Vision of Future: Brian Mullins with Smart Helmet at Daqri’s downtown office.

Vision of Future: Brian Mullins with Smart Helmet at Daqri’s downtown office. Photo by Ringo Chiu.

Initially focused on the entertainment industry, Daqri launched its first product in 2011, an augmented reality publishing platform that superimposed an image or video over a smartphone camera’s video feed after scanning a QR code.

The company declined to disclose how many headsets it has sold, but it doesn’t generate much revenue from Smart Helmets, which are in use by a small number of customers participating in its pilot programs.

Instead, the company has sustained itself on venture capital and by making windshield heads-up displays for use in cars, hardware that is installed in 200,000 automobiles produced by Jaguar Land Rover Ltd.

Daqri is competing in a crowded field of augmented reality device developers, many of which have deep pockets. Alphabet Inc. is making a play for the augmented reality market with its Google Glass hardware; Microsoft Corp. with its HoloLens headset; Apple Inc. with its acquisition of augmented reality startup Metaio; and heavily funded Magic Leap, which is developing its own mixed-reality headset. Dozens of other small startups are also pushing into the augmented reality space.

To help keep pace, Daqri has acquired four businesses whose technologies have been integrated into the headset. Those acquisitions could help the company become the de facto standard, USC’s Richmond said, or they could help it draw the attention of “one of the 800 pound gorillas. Google could buy them or Facebook could buy them.”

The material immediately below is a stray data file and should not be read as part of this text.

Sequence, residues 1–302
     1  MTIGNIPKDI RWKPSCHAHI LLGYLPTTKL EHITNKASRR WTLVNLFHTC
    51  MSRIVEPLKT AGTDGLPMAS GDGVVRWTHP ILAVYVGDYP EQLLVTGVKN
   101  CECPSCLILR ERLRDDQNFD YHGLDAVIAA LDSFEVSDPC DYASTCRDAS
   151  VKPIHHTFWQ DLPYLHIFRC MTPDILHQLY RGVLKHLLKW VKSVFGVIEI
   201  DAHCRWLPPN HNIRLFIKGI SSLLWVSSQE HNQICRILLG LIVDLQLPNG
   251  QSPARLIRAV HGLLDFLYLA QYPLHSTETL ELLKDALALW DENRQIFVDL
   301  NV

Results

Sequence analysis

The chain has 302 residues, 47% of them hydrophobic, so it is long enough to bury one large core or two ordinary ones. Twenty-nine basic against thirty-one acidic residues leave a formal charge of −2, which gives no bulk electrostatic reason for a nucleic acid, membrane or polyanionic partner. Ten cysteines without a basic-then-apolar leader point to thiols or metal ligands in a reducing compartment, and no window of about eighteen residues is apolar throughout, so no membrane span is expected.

Real applications

One of Daqri’s customers, KSP Steel of Kazakhstan, uses the Smart Helmet to visualize metrics coming from steel pipe manufacturing equipment, foregoing the need for workers on the shop floor to gather information by walking to the control room.

“If people have the right information, they will make the right decision,” said Mullins. “Not having to run across the room to get a data point saves you time.”

Steven Feiner, a professor of computer science at Columbia University, agreed that augmented reality has been able to improve worker efficiency.

“High-quality augmented reality task assistance can result in people being able to perform tasks more quickly and having fewer errors than using conventional documentation,” he said. “You are looking directly at the task domain itself while doing the task, instead of looking at instructions on paper or even on a laptop.”

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